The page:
Ellen Boudreaux is a blind autistic savant with exceptional musical abilities.  She can play music perfectly after hearing it just once...

Ellen Boudreaux

Ellen Boudreaux is a blind autistic savant with exceptional musical abilities. 
She can play music perfectly after hearing it just once, and has a such a huge repertoire of songs in her head that a newspaper reporter once tried to "stump Ellen" by requesting that she played some obscure songs and failed. 
Ellen knew them all.
Ellen has two other savant skills that are unusual. 
First, despite her blindness, she is able to walk around without ever running into things. 
As she walks, Ellen makes little chirping sounds that seems to act like a human sonar.
Ellen has an extremely precise digital clock ticking in her mind. 
To help overcome her fear of the telephone, Ellen's mom coaxed her to listen to the automatic time recording (the "time lady") when she was eight. 
From then on, Ellen knows the exact hour and minute, any time of the day without ever having seen a clock nor have the concept of the passing of time explained to her.
“With a song in her heart, music is her bridge to the world” the heading reads in the Sacramento Bee newspaper on January 18, 2.001 written by Bob Sylva. 
The writer tries to “stump Ellen” with request after request and cannot. 
“By any measure of musical virtuosity and genius, this is a remarkable performance. 
For Ellen, it’s a form of child’s play” the writer concludes.
Ellen is blind, with an astonishing musical ability, superior spatial sense and remarkable memory. 
Her sense rhythm is pervasive. 
She is driven by time as if a digital clock is incessantly running in her head. 
But, of course, she has never seen one. 
At precisely the moment her favorite news program begins she will bound into the room from wherever she is, flip on the TV and the announcer will start the program, as if on clue from Ellen. 
Ellen plays piano, guitar, and now the keyboard and soloist with a Rock and Roll band in her hometown that has become well known in the area. 
Among these multiple instruments and many musical interests she has developed a vast repertoire. 
It is very hard to stump Ellen, as the newspaper writer found out in a flawless recollection by Ellen of a variety of tunes and styles ranging from the Supremes to “Dueling Banjos” (in which she plays both parts) to “Ellen’s tour de force orchestration of ‘Whole Lotta Love’, the Led Zeppelin apassionata in which she replicates, uncannily, every voice, instrument and studio sound effect.”
Ellen is a startling example of the rare yet reoccurring triad of blindness, mental handicap and musical genius.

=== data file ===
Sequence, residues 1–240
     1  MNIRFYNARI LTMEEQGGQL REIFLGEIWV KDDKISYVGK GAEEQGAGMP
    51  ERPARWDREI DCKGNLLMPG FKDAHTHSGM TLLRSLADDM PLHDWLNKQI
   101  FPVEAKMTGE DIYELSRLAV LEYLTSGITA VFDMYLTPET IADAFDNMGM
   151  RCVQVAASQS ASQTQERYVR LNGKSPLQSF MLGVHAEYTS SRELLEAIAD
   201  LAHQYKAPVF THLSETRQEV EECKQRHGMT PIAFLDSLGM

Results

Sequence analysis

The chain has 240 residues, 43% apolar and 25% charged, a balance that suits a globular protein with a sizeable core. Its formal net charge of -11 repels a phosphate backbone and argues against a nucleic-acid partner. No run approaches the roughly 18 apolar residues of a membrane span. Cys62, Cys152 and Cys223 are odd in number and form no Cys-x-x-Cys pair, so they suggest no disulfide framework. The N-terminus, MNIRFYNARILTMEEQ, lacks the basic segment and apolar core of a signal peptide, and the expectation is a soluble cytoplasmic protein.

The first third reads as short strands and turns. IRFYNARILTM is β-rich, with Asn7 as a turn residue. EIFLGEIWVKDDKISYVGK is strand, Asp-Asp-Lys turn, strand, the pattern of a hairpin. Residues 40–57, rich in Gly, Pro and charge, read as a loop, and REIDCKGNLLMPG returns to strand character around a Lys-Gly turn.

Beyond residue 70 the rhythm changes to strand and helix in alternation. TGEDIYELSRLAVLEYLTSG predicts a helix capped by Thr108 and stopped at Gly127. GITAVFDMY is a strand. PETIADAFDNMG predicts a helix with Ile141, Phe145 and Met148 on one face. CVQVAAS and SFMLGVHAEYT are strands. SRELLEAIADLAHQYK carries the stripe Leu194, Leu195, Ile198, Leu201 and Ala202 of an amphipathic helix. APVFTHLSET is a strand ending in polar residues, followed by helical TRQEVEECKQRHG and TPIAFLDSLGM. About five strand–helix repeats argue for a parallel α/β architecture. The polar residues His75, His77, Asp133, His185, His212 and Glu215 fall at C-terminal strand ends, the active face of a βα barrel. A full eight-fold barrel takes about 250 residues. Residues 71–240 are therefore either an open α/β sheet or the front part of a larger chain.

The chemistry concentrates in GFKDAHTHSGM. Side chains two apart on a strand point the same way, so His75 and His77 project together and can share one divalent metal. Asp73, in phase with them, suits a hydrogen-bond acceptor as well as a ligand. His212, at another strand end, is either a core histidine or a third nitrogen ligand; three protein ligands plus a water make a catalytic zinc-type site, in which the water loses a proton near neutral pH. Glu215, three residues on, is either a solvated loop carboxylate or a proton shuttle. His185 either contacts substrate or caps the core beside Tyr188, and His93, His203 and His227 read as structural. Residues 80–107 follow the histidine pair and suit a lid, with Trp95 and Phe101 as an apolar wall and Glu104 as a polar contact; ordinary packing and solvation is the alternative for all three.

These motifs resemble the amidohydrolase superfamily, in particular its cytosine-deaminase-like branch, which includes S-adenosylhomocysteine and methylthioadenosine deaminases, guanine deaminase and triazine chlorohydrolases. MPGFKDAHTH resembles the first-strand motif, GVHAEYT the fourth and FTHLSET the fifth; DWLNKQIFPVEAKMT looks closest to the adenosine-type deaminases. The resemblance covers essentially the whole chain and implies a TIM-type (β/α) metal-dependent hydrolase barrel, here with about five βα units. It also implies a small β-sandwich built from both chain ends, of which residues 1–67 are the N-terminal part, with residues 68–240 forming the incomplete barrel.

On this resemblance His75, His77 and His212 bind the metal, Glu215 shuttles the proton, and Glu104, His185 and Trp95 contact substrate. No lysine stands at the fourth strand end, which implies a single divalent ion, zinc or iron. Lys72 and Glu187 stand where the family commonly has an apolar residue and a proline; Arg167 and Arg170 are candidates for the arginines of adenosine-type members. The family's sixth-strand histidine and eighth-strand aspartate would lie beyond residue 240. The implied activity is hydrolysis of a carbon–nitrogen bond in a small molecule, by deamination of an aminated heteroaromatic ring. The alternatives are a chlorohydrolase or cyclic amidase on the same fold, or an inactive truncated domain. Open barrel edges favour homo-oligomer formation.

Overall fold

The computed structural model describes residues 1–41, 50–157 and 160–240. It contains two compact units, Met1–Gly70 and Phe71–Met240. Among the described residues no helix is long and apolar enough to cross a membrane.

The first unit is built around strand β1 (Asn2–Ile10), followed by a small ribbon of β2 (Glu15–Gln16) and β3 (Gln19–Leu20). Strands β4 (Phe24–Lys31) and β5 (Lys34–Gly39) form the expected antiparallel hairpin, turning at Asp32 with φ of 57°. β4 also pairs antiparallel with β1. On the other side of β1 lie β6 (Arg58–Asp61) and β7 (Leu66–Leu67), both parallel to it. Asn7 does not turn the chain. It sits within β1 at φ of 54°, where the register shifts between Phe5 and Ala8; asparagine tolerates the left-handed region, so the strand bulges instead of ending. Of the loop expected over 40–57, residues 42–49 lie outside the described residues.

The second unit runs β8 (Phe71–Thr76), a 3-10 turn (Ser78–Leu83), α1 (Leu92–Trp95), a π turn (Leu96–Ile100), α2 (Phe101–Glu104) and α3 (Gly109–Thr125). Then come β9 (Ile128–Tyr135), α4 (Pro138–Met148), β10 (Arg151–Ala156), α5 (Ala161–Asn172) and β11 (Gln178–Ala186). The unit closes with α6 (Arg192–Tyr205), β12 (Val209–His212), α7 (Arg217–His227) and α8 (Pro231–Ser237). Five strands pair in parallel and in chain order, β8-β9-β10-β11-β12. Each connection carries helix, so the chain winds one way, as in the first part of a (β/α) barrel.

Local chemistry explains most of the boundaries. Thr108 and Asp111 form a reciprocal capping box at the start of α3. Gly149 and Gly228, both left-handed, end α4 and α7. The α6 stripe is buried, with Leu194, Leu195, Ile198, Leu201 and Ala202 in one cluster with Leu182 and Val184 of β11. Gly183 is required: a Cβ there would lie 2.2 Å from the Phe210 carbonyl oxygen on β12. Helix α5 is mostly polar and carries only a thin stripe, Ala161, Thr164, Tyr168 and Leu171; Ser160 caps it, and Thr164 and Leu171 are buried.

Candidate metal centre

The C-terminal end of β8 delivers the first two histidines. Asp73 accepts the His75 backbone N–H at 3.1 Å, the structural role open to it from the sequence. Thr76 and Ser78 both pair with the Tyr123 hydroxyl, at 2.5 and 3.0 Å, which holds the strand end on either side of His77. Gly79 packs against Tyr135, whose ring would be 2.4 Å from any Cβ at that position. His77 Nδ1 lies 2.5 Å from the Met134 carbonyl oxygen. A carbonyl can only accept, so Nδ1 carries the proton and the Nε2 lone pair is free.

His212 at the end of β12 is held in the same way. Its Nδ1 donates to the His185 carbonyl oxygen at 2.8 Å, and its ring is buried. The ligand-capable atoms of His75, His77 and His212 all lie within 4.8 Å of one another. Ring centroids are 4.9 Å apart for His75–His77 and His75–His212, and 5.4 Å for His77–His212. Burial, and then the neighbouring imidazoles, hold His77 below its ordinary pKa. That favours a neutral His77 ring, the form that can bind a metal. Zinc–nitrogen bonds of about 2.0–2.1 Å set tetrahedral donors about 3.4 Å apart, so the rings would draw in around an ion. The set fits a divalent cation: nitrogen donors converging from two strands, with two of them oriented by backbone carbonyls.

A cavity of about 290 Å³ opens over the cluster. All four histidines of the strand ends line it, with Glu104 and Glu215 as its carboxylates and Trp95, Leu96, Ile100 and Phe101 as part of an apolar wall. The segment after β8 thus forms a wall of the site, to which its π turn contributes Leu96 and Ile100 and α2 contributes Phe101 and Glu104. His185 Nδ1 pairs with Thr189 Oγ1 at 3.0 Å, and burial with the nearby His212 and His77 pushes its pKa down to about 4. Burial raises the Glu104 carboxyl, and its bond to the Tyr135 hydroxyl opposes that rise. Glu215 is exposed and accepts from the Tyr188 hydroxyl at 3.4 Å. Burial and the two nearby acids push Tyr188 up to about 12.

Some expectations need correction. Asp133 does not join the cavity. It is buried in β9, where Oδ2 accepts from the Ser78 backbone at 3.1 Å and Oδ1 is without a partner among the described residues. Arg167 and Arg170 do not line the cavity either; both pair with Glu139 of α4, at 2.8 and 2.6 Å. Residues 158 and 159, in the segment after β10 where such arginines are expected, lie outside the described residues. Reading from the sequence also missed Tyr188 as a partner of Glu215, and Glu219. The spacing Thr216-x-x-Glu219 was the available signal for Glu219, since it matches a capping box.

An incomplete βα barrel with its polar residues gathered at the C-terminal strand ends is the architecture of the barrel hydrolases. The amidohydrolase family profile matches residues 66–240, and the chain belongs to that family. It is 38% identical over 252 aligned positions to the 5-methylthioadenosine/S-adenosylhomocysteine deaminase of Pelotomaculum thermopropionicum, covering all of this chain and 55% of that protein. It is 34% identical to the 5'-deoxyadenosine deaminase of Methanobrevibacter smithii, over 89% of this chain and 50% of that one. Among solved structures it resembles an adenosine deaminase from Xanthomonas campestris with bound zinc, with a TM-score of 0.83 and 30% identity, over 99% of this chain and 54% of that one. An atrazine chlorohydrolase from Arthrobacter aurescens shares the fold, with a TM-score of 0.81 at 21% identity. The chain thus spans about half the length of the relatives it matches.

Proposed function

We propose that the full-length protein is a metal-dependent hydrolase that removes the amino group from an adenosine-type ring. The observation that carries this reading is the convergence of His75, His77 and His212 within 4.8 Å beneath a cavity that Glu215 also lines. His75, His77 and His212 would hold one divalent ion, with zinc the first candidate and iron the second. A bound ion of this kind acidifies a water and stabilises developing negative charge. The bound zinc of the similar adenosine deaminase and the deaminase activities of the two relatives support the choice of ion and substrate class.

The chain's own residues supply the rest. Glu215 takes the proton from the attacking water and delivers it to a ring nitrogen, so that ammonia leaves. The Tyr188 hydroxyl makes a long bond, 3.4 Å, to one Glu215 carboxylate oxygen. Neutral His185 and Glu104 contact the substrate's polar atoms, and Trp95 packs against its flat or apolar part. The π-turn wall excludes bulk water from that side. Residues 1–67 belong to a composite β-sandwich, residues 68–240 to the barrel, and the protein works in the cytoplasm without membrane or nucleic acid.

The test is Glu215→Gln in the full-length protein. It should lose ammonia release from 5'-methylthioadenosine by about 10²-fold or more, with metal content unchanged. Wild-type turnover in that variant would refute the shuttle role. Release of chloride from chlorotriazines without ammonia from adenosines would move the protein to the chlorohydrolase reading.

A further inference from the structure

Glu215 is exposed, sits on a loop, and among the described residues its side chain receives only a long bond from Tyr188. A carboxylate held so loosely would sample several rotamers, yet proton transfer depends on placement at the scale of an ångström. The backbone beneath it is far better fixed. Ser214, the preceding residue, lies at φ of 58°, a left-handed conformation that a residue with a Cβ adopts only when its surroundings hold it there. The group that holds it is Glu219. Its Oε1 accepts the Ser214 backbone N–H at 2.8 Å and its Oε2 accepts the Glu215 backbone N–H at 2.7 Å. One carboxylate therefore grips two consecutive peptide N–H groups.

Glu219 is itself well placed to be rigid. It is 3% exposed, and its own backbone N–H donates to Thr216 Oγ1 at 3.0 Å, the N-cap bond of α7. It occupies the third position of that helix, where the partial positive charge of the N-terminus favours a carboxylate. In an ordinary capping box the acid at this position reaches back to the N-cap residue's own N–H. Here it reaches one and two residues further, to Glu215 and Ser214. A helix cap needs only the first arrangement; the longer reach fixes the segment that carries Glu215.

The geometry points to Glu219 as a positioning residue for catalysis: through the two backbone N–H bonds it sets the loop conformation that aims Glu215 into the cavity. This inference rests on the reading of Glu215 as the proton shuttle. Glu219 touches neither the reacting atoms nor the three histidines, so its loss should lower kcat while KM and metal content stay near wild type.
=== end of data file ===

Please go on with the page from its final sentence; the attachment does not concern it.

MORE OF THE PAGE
Ellen was born prematurely in 1.957 and developed the blindness of prematurity (retrolental fibroplasias) following birth. 
Ellen developed slowly. 
When she was 4 months old doctors confirmed what the parents suspected she was blind.
From the very beginning she was aware of large objects, wall, fences and buildings from a distance of 6 feet or more and insisted on going to them and touching them. 
Her father noted that from those early years on she has been able to walk in thick, strange forests without running into trees. 
As Ellen learned to navigate she made a constant little chirping sound, like her own form of personal radar.
At age 4½ psychological testing provided a score of 40 on the Vineland Social Maturity Scale which suggested an estimated IQ, at that time, of between 30-50. 
The family became very determined to find the best educational and vocational opportunities for their daughter and enrolled her in the San Juan Unified School District in Fair Oaks, California. 
Ellen did extremely well in school and has proceeded through a series of steps in the special education program, including now Adult Special Education programming. 
Speech therapy began in 1.983 and progress in language development was impressive as well, with no sacrifice of her artistic skill.
Ellen’s musical skill and memory are prodigious. 
Her interest in music began as early as 6 months of age. At about age 4, 
Ellen surprised her mother by picking out some tunes on a small electronic organ. 
At age 7, a teacher advised her parents to get Ellen a piano. 
They did and the music has poured forth ever since. 
Ellen now constructs complicated chords to accompany melodies she hears on the radio or the stereo. 
She has transposed the orchestra and chorus of Evita to the piano with complex, precise chords. 
She reproduces the crowd and mob sounds with intense dissonances using both hands. 
That rendition is an impressive, and lengthy, performance.
Ellen taught herself guitar by spending countless hours going up and down each string, memorizing the tones that each fingering produced and experimenting with chords. 
She is driven by and enamored of rhythm of any type, form or origin. 
She loves to improvise and after listening to almost any album will begin to play chords with it, improvising very unusual but striking accompaniments. 
She will play what she has heard in one form such as jazz, then in another style, perhaps classical. 
She will transpose rock and roll to a waltz form in three-quarter time. 
She is fascinated with radio and television commercials and will immediately transpose those to the piano as well.

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